Why the Cheapest Locales Aren’t the Best Places to Live as a Digital Nomad
I’m asked quite often why I live in Europe and not Southeast Asia. After all, isn’t SEA the holy grail of the best places to live as a digital nomad?
Why would I choose to live in an “expensive” European capital versus spending my dough on an apartment in Chiang Mai that goes for $200-$250 a month? Or why I haven’t ventured back to Colombia, where you can find a decent place (in a relatively safe area) for $400-$500 a month?
To some, it just doesn’t compute.
As a digital nomad, choosing to spend thousands instead of hundreds is just unheard of. It makes me chuckle, because there are plenty of reasons—but it’s the underlying theme of hustle (or lack of, in most cases) that has led me to the choices I’ve made.
Remember last year, when I hung out in Odessa, Ukraine? I didn’t do anything for 6 weeks. I could have a beautiful, 3-course meal out at the nicest place in town for all of $12. Everybody just lived in a slow, calm pace of life. It wasn’t for me, for many reasons.
(Side note: my beard is wicked in that video.)
The Best Places to Live as a Digital Nomad Does NOT Equal “Cheapest”
Again, let’s bring up the Chiang Mai example, because it’s the place I hear repeatedly as the latest and greatest of the digital nomad headquarters. Nice, luxurious apartments with balconies and pool access for $250 (max!) a month. Cheap meals on the street for $1, and nice meals out for $3. Plus…Thai girls.
Supposedly, you can live there, all expenses paid, for $500 a month. If you’re smart about it, of course. No wonder it’s one of the best places to live as a digital nomad. But how would that look on my normal life? How would that impact how hard I work? What kind of creativity could I churn out, when all it takes is a bit of work to live the high life.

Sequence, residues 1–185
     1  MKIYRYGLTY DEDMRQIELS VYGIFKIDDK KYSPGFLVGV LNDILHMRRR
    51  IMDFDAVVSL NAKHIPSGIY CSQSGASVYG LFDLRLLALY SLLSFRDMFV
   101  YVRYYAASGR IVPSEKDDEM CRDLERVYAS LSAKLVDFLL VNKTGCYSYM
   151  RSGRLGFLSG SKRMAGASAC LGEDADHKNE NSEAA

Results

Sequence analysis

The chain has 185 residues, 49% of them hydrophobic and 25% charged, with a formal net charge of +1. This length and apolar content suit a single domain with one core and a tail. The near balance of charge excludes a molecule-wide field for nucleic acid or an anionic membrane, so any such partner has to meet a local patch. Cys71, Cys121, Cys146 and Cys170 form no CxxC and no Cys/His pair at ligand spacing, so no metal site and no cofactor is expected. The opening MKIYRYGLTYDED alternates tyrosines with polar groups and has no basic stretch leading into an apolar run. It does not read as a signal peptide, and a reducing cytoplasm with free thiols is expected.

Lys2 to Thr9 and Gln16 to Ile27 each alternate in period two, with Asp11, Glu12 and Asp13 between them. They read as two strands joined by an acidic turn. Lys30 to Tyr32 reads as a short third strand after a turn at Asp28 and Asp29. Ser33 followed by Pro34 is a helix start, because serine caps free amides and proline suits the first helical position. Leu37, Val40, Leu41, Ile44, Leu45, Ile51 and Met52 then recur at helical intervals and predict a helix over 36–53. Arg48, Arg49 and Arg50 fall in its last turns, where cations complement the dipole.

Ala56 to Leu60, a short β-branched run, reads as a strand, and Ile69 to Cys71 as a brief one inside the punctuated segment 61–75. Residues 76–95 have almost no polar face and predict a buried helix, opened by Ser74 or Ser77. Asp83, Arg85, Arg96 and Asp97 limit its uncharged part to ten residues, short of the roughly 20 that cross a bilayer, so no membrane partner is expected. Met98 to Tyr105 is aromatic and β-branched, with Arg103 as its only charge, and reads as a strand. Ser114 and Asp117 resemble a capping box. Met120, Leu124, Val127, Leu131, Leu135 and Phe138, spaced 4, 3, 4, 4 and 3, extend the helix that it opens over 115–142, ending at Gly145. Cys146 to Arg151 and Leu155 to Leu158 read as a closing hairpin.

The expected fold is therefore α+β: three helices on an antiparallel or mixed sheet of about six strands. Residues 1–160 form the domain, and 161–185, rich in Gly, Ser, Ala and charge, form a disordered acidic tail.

Let’s use a real life example.
How motivated do you think I’d be to keep hustling, if I’d just paid 3 months (a quarter of a year!) of rent in the span of a couple of minutes? Not very.
Granted, my rent is only $800 (all utilities), but my point stands.
Take someone who received a $200 payment from freelancing. Even if he traded that time for money, it’s still going to take the winds out of the sails once you know it’s made. It’s a bit laziness, and also a bit of pure comfort and relief. As human beings, we naturally seek out comfort. It’s what makes us, well—human.
It’s that feeling of relief.
That once you’ve climbed the mountain, it’s time to rest.
Kill The Comfort—It’s Mediocrity In Disguise
The problem is, there’s a time and place for rest—but that minimum required threshold is so ridiculously low when you live in the “best places to live as a digital nomad” (i.e. the cheapest).
Let’s take that freelancer for example. When you’re first starting out, $200 might seem like a lot to come up with. But once you have a sharp-looking website, a few decent clients and some income coming in—well, even if you’re making $20 an hour, that’s only 10 hours of work to make rent.
Per month. That’s hardly anything. If you can only stomach working 10 hours a month, well—guess what—you need to work harder if you want the nicer things in life.
My pal Jake recently wrote a great post about the pitfalls of freelancing.
And I have to give him credit for having the courage and the balls to 1.) Come out and actually say it, and 2.) To head home and figure out his income before he falls back into the trap. From the article:
I started freelancing as a means to an end. I wanted to travel. I was ready to hit the road. I just needed a way to finance the whole ordeal. Freelancing was the quickest way to cash.